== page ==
That sentiment was shared by almost 70,000 students, hundreds of principals and thousands of teachers as the written HSC exam period formally concluded on Wednesday following a testing final year.
But in the end it was a spate of threatening emails that caused most disruption, forcing students at about 30 schools to evacuate during HSC exams.
When St Marys students Clare Wilkes and Andrhea Alabe walked out the school gates after their final design and technology exam on Wednesday, it had not sunk in that the year was officially behind them.
Clare said the year "was all a blur": of bedrooms transforming into home offices and study groups outside of school. Andrhea's memories were of being able to sleep in and stay in bed during remote learning and the study period.
"It's exciting that we get to move forward," Clare said. Their next steps will look different - 18th birthdays have been cancelled, parents can't attend Thursday's graduation and their formal will be held across separate rooms next weekend - but they're still looking forward to small gatherings and the chance to catch up with friends.
Education Minister Sarah Mitchell said she hoped year 12 would "really celebrate". "I think they really have earned that opportunity to have a good night out ... given the year that they’ve had. And we just wish them all the very best for their future," she said.
Ms Smithard said she was "most proud of the way [students] just got on with it. And that they did it together."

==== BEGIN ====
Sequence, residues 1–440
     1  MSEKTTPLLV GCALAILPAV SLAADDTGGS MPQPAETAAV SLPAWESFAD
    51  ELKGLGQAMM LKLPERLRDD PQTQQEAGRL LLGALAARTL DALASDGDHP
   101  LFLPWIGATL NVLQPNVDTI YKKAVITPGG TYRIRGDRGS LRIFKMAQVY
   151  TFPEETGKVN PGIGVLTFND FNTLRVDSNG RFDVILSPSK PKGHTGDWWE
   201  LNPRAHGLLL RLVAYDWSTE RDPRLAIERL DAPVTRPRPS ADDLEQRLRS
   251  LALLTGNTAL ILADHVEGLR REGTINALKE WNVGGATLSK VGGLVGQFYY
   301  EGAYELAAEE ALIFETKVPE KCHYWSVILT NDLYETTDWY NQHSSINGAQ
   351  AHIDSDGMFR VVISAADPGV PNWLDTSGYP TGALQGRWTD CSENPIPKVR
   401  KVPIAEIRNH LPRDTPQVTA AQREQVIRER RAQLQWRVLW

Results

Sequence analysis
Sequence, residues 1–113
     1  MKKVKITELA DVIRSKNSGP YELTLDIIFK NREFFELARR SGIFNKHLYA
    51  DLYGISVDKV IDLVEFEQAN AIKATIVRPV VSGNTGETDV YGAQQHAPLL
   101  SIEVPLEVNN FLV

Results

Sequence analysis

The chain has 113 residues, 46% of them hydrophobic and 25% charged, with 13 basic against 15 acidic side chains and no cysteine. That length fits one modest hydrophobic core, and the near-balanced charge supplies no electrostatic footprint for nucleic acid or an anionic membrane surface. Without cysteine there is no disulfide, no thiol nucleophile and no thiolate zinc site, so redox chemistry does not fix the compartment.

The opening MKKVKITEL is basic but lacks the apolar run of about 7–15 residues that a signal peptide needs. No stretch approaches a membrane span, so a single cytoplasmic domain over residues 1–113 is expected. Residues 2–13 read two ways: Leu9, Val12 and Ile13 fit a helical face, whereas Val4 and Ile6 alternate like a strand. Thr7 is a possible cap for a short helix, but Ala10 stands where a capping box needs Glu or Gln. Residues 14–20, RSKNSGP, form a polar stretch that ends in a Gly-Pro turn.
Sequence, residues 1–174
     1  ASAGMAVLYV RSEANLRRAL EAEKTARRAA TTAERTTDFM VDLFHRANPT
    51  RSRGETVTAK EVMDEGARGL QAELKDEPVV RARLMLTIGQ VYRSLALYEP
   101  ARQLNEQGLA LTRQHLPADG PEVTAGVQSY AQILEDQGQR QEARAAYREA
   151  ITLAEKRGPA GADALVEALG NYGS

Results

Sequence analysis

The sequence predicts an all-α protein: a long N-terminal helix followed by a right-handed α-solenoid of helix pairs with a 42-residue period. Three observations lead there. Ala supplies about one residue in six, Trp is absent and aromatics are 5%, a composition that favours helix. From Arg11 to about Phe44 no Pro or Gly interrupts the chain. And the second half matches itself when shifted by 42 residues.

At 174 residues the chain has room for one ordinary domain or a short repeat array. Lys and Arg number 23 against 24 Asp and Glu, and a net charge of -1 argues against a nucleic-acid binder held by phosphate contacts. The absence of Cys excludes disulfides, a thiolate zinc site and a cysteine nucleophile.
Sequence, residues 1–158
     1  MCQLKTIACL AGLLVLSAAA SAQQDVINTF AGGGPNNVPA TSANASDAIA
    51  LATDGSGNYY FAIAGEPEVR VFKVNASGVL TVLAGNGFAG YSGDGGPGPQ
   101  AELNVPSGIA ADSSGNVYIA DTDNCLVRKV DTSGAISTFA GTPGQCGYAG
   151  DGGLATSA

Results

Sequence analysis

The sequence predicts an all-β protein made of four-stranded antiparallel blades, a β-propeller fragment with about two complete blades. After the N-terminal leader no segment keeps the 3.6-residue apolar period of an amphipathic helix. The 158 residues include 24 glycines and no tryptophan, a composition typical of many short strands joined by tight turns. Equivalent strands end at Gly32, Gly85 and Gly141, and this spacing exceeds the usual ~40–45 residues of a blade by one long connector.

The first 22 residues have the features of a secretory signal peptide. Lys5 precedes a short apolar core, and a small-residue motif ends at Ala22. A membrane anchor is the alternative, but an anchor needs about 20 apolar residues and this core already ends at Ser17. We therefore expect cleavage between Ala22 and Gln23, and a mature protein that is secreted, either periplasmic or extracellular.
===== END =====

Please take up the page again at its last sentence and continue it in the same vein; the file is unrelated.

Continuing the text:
"It's easy for people to make judgments about young people," she said. "I think what we’ve possibly seen here is young people understand the bigger picture more than they are given credit for. They care for more than themselves; they care for their peers and people outside their own community."
Ms Mitchell said she felt fortunate COVID-19 had not caused school closures or mass disruptions during the 120 HSC exams.
"The fact that every single school had alternative venues in place, some of which we did actually have to use where the bomb threats were present in some of those school communities, was a real testament to the support from teachers, principals, support staff," she said.
"For these kids, particularly those who had their schools disrupted by those threatening emails that went out a couple of weeks ago, it’s been so tough."
NSW Education Standards Authority chief executive Paul Martin said some students had been able to return to exam halls and complete their exams after the threats, but that he expected affected schools to apply for misadventure.
"We’ve learned that the resilience of students knows no bounds. We have an amazing group of young people coming through in Sydney and NSW," he said. HSC results are released on December 18.